The Carl Sandburg Historic Site Association (Galesburg, IL) is pleased to introduce to our viewers a new series featuring the life & works of Carl Sandburg, entitled
"Letters from a Docent" by Dr. John W. Quinley.  ENJOY!

Carl Sandburg Portrait Letters from a Docent

8 January 2024

by Dr. John W. Quinley
John W. Quinley

Dr. John W. Quinley, a retired college administrator and faculty member, was raised in Maywood, Illinois, just a few blocks away from where Sandburg lived 30 years earlier. He served as a docent for Carl Sandburg Home National Historic Site for several years, and is the author of Discovering Carl Sandburg: The Eclectic Life of an American Icon  (2022). He and his wife, Melissa, live in Hendersonville, North Carolina, just a few miles from Sandburg's former home.


8 January 2024


Coit Tower Mural - Striking Workers

"Striking Workers" portion of California Industrial Mural,
by John Langley Howard (1933).  Coit Tower, San Francisco, California.


Poet of the People

By John W. Quinley

Dear Readers,

What do we mean when someone describes Carl Sandburg as the poet of the people?  Sandburg’s people were the industrial workers of the early 1900s. Many were immigrants from non-English speaking countries of eastern, southern, and central Europe. They labored in repetitive and monotonous jobs ten to twelve hours per day, six days a week, with no vacations. Pay was so low that nearly half of working-class families lived below the poverty line. If the breadwinner got injured or killed, there was no governmental safety net to turn to—only the charity of family and friends or the church. When labor tried to organize, Congress and the courts intervened on the side of business interests. Local, state, and federal forces squashed the efforts of striking workers, often with the aid of ruthless private detective agencies like the Pinkertons. Some believed that a working-class revolution was just around the corner.  

Sandburg believed that the stories of these ordinary working people needed to be told— especially because they didn’t have a way to speak for themselves. He wrote plainly in their common speech (even slang) and used a kind of verse that was more accessible to workers than the traditional devices of rhymed poetry. He wrote from his own experience as a laborer and as a reporter covering labor, poverty, and crime. Danny Heitman (award-winning columnist and editor of the Phi Kappa Phi Forum) said, “Like his reportage, the poems often read like prose with a topical flare. They crackle with the authenticity of everyday experience, the texture of daily life…[with] the vividness and urgency of a morning headline."

Sandburg wrote not only about the struggles of the working class, but also about their determination to overcome hardships and oppression. For him the word “people” meant more than the powerless working class. He believed that the people were both the bedrock and the movers of history. In his poem, “I Am the People, the Mob,” he writes:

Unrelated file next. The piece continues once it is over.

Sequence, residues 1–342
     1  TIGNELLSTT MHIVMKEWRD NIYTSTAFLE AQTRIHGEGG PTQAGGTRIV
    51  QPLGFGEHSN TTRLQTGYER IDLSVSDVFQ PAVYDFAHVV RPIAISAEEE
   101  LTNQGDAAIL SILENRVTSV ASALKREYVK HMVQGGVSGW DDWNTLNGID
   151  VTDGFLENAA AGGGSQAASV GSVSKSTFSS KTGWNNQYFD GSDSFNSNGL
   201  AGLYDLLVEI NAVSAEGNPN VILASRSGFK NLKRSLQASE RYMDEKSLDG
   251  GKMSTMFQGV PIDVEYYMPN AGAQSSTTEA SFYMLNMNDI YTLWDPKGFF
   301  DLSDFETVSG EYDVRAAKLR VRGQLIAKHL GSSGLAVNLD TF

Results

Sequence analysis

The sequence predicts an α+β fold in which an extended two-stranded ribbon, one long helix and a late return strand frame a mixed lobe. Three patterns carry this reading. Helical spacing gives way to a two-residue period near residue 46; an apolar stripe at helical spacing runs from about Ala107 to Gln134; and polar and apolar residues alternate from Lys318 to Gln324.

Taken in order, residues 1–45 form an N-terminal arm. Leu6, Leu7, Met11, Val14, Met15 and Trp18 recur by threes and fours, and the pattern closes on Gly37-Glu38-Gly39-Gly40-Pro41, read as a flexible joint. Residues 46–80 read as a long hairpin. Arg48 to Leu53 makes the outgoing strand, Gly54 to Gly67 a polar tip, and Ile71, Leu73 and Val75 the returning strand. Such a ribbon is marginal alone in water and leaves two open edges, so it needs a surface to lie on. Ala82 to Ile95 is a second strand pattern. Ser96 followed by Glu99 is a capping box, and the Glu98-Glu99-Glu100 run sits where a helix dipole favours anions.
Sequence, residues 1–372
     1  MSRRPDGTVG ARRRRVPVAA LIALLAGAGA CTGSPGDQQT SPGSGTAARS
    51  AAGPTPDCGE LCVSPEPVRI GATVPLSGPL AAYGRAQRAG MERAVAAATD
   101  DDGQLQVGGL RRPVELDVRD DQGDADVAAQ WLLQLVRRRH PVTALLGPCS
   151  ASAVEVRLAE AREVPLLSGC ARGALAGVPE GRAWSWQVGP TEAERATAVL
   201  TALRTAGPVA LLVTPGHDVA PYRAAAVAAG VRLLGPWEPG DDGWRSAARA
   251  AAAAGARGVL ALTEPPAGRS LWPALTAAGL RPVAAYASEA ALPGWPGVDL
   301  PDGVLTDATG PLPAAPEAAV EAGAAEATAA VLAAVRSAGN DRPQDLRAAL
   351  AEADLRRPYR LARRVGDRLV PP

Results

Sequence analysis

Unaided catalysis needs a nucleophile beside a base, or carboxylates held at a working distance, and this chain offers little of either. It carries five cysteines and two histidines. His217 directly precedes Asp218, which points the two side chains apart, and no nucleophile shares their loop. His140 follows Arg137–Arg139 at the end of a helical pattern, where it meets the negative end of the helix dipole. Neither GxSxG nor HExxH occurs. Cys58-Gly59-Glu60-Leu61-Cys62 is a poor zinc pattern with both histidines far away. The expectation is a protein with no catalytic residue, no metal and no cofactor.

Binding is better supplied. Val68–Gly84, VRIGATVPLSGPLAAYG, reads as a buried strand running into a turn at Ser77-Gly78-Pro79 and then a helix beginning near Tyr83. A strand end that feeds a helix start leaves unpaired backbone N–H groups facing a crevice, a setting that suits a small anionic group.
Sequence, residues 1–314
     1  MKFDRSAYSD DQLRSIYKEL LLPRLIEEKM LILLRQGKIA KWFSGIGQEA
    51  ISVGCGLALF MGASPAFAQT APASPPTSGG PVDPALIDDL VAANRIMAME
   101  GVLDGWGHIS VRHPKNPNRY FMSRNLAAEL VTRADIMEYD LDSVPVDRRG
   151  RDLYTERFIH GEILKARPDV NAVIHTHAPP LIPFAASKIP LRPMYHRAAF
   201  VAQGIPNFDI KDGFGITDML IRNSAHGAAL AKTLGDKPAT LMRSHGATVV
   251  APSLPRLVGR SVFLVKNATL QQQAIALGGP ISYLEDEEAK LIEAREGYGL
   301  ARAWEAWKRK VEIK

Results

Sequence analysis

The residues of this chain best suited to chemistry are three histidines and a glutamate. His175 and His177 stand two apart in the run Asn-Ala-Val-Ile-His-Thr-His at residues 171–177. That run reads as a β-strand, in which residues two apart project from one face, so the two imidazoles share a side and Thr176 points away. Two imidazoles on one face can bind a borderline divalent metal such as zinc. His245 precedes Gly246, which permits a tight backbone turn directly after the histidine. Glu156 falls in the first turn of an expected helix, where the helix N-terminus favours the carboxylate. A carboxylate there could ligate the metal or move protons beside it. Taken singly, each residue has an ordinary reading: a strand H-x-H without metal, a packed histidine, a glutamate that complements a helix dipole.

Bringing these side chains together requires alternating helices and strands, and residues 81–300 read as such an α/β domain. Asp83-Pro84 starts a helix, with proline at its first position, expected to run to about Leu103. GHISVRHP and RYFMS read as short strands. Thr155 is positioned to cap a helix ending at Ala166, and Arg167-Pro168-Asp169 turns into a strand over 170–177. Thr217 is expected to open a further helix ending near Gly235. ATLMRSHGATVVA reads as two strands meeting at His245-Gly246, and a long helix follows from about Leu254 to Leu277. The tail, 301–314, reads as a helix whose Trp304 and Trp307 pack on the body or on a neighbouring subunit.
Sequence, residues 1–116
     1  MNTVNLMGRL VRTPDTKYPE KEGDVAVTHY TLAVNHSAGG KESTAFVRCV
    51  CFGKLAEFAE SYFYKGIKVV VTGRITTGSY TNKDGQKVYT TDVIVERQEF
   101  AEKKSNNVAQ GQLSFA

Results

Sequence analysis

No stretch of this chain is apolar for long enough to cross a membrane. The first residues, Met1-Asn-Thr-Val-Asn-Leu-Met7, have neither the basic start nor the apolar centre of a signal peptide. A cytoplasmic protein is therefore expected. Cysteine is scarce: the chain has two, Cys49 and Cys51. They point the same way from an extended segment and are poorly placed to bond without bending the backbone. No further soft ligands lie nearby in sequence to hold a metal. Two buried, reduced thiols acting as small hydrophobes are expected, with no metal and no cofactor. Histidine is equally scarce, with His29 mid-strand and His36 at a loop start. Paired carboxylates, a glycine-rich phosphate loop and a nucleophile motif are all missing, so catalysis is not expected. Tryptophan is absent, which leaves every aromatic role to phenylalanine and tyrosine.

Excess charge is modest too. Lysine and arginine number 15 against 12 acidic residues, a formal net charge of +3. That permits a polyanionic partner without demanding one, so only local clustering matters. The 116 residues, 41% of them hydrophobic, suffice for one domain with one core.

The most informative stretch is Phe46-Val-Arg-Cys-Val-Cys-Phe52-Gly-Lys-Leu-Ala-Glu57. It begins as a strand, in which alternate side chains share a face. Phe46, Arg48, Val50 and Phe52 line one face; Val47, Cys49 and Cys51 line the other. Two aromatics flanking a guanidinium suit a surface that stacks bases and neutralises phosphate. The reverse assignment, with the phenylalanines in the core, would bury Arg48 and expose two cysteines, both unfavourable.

AM the people—the mob—the crowd—the mass.
Do you know that all the great work of the world is
          done through me?
I am the workingman, the inventor, the maker of the
          world's food and clothes...
I am the seed ground.  I am a prairie that will stand
          for much plowing.

He then points out that while the people suffer, they forget who they are as a collective. “Terrible storms pass over me. I forget. The best of me is sucked out and wasted. I forget.” He concludes that the transformation of society will come through a widespread awareness, a consciousness among the working classes of their inherent power.

When I, the People, learn to remember, when I, the
          People, use the lessons of yesterday and no longer
          forget who robbed me last year, who played me for
          a fool—then there will be no speaker in all the world
          say the name: "The People," with any fleck of a
          sneer in his voice or any far-off smile of derision.
The mob—the crowd—the mass—will arrive then.

Both in his works and personal life, Sandburg remained true to his reputation as the poet of the people. Although he achieved great fame, he never abandoned his common, working-class roots.

 Thanks for reading!


John Quinley is the author of Discovering Carl Sandburg: The Eclectic Life of an American Icon and is a former docent at the Carl Sandburg Home National Historic Site in Flat Rock, North Carolina.

Membership in the Carl Sandburg Historic Site Association

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1 8 Jan 2024 Poet of the People
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